quote:If we’re talking abut the meaning of life then science can be informative but it is just one tool of many, equally valid ones like faith, love and direct experience, but when we’re talking about trying to predict and manipulate the physical world, I think that science is our best bet. It certainly has got by far the best success rate. […Carl Sagan quote…] So I’m not worshiping at the altar of science, I’m just saying, that it has got by far the best track record for figuring out what happened, what is happening and what is going to happen in the physical world.
Do you agree with this? Is science good enough at revealing the physical world, the way it was, is, and will be, or do we need, for that activity in particular, to use more tools? If so, which ones?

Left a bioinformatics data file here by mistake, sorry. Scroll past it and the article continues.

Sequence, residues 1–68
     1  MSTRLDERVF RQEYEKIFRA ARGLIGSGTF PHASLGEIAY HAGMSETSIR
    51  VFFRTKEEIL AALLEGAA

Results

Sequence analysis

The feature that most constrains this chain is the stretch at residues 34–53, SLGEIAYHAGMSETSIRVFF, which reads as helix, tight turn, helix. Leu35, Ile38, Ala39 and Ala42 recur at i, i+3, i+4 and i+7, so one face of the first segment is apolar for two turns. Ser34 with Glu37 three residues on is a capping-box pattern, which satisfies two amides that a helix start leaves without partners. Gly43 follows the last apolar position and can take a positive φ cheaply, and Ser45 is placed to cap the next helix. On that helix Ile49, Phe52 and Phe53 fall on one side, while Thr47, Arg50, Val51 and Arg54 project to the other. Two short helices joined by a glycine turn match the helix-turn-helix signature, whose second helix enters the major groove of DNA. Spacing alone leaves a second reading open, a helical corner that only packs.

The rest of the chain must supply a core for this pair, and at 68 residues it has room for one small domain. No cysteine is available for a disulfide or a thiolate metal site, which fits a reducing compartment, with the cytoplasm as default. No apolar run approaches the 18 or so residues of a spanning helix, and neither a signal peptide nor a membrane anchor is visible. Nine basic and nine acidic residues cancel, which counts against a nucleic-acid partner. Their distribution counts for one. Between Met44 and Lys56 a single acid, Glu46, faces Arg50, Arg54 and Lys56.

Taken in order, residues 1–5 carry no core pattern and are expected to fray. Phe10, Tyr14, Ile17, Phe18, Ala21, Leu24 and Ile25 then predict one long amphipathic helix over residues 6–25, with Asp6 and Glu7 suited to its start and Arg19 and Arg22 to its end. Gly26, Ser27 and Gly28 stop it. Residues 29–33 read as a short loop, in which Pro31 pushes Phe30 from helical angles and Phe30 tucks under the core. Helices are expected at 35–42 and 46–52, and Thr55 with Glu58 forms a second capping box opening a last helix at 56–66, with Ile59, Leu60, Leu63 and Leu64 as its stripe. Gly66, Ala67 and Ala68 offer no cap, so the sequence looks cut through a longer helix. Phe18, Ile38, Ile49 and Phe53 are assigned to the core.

quote:It’s a well established psychological phenomenon, and it’s in fact entirely human, to start out with your beliefs and then go looking for the evidence to support them. The problem is, we tend to forget we’re simply not going to hear the evidence that contradicts our beliefs. I mean, who wants to be shown that they’re wrong? Formally that phenomenon is called Confirmation Bias.
How much do you think that scientific activity is affected by this “entirely human” bias? What do you do when you think that some scientific conclusion was affected by it? Is there a feasible way to eliminate that effect entirely (in science)? Do the mechanisms already in place in the scientific community do a reliable job of it, or do we have to just partially trust them and always question the scientific results?